Shin splints can halt your workout

At first, you may brush it off as fatigue or pushing your run or walk too far. But eventually, the recurring, throbbing pain in your shins gets your full attention. By then, you may have a full-blown case of shin splints, also known as medial tibial stress syndrome.

Here’s what you need to know about this condition:

What are shin splints and their symptoms?

Stress on the shinbone and the connective tissues that attach the muscles to the bones inflames the tissues, causing pain. The front of the shin aches or throbs, especially after exercise. These symptoms are common in runners, hikers, dancers and military recruits.

What causes this condition?

The risk of developing this syndrome increases for a variety of reasons, including:

  • Repetitive stress to the lower leg from running or walking, or an increase in overall activity, intensity or mileage
  • Flat feet or a collapsed arch, also known as pronation or a high arch
  • Poorly fitting shoes without good support
  • Weak ankles, hips or core muscles
  • Poor warmup before exercise or insufficient cooldown with stretching after exercise

How are shin splints diagnosed?

Shin splints or possibly stress fractures may cause pain in the front of the lower leg. These fractures need to be ruled out with X-rays or bone scans.

What’s the treatment for medial tibial stress syndrome?

Most cases of shin splints can be treated with rest, ice and proper footwear.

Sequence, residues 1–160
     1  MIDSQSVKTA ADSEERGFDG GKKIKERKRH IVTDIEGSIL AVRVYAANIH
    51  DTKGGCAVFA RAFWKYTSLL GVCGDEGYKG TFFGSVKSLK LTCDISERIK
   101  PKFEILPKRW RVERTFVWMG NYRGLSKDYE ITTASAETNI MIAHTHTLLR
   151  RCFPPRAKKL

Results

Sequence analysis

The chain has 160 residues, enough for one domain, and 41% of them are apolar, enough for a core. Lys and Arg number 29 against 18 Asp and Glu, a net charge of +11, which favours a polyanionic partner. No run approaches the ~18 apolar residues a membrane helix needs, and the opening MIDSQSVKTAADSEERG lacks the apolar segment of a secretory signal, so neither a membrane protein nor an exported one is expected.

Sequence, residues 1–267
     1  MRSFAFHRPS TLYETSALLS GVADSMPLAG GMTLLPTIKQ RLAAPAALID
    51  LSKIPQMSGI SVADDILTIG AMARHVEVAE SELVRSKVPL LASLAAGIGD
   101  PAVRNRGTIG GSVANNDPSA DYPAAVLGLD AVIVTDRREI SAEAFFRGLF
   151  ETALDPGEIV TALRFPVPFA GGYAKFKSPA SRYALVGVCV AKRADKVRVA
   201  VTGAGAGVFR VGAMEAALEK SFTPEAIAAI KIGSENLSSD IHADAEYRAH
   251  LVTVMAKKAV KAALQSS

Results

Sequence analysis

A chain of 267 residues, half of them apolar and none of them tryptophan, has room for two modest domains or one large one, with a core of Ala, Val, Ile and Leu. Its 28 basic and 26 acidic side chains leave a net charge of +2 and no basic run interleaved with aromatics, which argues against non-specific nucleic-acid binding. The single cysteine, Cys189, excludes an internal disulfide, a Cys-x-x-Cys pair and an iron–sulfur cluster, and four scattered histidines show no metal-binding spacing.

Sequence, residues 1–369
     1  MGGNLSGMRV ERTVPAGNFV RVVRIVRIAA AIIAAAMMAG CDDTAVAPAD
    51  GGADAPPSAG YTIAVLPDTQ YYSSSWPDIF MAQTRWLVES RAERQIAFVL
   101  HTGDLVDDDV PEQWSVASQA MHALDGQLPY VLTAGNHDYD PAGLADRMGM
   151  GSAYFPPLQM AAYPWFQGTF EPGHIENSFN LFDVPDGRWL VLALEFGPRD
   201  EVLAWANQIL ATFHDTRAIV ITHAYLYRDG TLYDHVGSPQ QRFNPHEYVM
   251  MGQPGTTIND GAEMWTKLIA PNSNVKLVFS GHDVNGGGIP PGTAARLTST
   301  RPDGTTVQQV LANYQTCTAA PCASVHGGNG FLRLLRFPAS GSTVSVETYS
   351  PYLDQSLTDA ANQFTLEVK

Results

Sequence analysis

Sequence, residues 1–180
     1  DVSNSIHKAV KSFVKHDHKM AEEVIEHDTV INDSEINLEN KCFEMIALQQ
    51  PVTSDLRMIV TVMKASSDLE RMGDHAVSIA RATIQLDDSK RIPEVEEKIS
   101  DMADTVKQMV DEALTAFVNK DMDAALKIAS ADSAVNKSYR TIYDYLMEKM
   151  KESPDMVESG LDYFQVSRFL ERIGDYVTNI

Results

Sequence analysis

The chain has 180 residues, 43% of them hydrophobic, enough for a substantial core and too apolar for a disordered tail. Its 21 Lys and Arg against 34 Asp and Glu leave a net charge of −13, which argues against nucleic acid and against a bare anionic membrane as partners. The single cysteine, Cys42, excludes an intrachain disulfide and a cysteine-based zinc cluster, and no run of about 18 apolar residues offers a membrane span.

Take a break from your walking or running workout to give your shins time to heal. You can remain active by exercising with non-weight-bearing exercise, like swimming or biking, if it doesn’t cause pain.

Icing the shins can reduce pain. This is typically done for 20 minutes four times a day for three days, or until the pain is gone. Nonsteroidal anti-inflammatory drugs, or NSAIDS, including ibuprofen (Advil) and naproxen (Aleve), will ease pain and decrease inflammation. If you have high blood pressure or kidney disease, consult your health care professional before taking these medications.

Be sure your footwear fits properly, provides adequate support and is appropriate for your activity. For example, running shoes typically have a more cushioned heel than walking shoes. Runners should replace their shoes after 350–400 miles.

When can you return to your normal activities?

When your shins are pain-free, you can return to your regular activities. But start slowly. Gradually increase the intensity or distance to avoid reinjuring your shins.

How can you prevent shin splits?

Repetitive stress and overdoing an activity primarily cause shin splits. They can be prevented by:

  • Progressively working your way into a new workout or routine
  • Gradually increasing physical activity, intensity and mileage
  • Wearing proper footwear
  • Adding arch supports or insoles designed to absorb more shock or impact
  • Bringing cross-training and strength workouts to a training regimen

If your issues with shin splints continue or recur repeatedly, consult with an orthopedic or sports training specialist.

Amy Rantala, MDpractices primary care sports medicine in Eau Claire, Wisconsin

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